Unconventional oil and natural gas play a key role in the clean energy future of our nations. Oil field equipment like horizontal drilling and hydraulic fracturing technologies have allowed better access to oil or natural gas from shale formations than ever before. We work with states and other key stakeholders to ensure that the economic prosperity of unconventional oil and gas extraction does not come at the expense of public health and the environment.
As part of the Natural Gas STAR program, the EPA is working with companies to identify technologies, practices, and costs to reduce methane emissions from the oil and natural gas sector in the United States. We are also developing revised UIC Class II, which allows specific guidelines for oil, gas, and hydraulic fracturing activities and oil field equipment, as well as the use of diesel fuel. Our compliance assistance web portal for owners and operators of oil and/or gas operations provides accessible information to help companies comply with federal and state environmental regulations.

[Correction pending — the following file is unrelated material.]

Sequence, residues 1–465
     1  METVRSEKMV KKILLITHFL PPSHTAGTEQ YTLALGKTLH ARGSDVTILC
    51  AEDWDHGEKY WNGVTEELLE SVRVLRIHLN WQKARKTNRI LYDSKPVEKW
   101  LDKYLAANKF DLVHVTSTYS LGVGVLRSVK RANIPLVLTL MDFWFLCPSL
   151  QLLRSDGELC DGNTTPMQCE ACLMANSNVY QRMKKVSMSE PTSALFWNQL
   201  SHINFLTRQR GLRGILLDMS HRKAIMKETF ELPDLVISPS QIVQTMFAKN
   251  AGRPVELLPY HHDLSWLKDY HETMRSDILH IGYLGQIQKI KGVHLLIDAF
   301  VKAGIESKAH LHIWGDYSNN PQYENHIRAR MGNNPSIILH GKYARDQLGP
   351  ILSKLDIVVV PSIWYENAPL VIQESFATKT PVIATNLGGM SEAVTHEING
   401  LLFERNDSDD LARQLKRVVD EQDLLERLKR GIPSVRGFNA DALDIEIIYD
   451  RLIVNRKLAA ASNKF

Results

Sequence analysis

Supporting the growth of deep decarbonization technologies for oil and gas companies at the industrial level, including carbon capture, use and storage (CCUS), methane efficiency, and zero-emission production of hydrogen. How oil and gas companies can respond by looking at how they do business and confronting and rethinking business models in a world of decarbonization. The role of oil and gas companies in the Global Energy Forum Robert R.J. Johnston, Reed Blakemore, Randolph Bell, Energy Transition for Oil and Gas Group windmills, solar panels, coastal power, and oil platforms.
Rapid advances in new mobile technologies in the oil and gas industry have helped companies improve processes, increase productivity, increase efficiency and increase worker productivity and safety. Despite this progress, oil and gas companies are caught between the pressures of a shrinking workforce and the growing demand for oil as well as oil field equipment. Years of high and rising oil prices have led to long-term oil prices exceeding $100 per barrel. New extraction technologies and open new sources of supply suggest a new equilibrium of $20 to $30 or less per barrel. The new normal of low oil prices not only expose inefficient oil and gas companies but also urges more efficient ways to maintain their peak and margins.